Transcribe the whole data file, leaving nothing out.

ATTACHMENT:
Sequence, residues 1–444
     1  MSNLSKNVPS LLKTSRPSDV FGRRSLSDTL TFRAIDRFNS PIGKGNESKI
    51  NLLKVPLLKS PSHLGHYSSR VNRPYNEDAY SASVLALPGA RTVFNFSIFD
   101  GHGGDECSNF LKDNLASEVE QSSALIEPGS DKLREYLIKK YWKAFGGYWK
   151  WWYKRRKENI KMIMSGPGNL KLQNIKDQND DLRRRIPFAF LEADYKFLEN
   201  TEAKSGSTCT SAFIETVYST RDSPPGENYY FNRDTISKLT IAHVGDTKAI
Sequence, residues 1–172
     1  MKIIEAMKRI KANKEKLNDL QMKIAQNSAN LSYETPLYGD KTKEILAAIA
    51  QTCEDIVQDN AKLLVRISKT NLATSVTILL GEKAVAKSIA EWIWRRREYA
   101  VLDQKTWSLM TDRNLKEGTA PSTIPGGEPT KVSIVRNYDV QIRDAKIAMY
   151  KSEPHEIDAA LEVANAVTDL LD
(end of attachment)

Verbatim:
Sequence, residues 1–444
     1  MSNLSKNVPS LLKTSRPSDV FGRRSLSDTL TFRAIDRFNS PIGKGNESKI
    51  NLLKVPLLKS PSHLGHYSSR VNRPYNEDAY SASVLALPGA RTVFNFSIFD
   101  GHGGDECSNF LKDNLASEVE QSSALIEPGS DKLREYLIKK YWKAFGGYWK
   151  WWYKRRKENI KMIMSGPGNL KLQNIKDQND DLRRRIPFAF LEADYKFLEN
   201  TEAKSGSTCT SAFIETVYST RDSPPGENYY FNRDTISKLT IAHVGDTKAI
Sequence, residues 1–172
     1  MKIIEAMKRI KANKEKLNDL QMKIAQNSAN LSYETPLYGD KTKEILAAIA
    51  QTCEDIVQDN AKLLVRISKT NLATSVTILL GEKAVAKSIA EWIWRRREYA
   101  VLDQKTWSLM TDRNLKEGTA PSTIPGGEPT KVSIVRNYDV QIRDAKIAMY
   151  KSEPHEIDAA LEVANAVTDL LD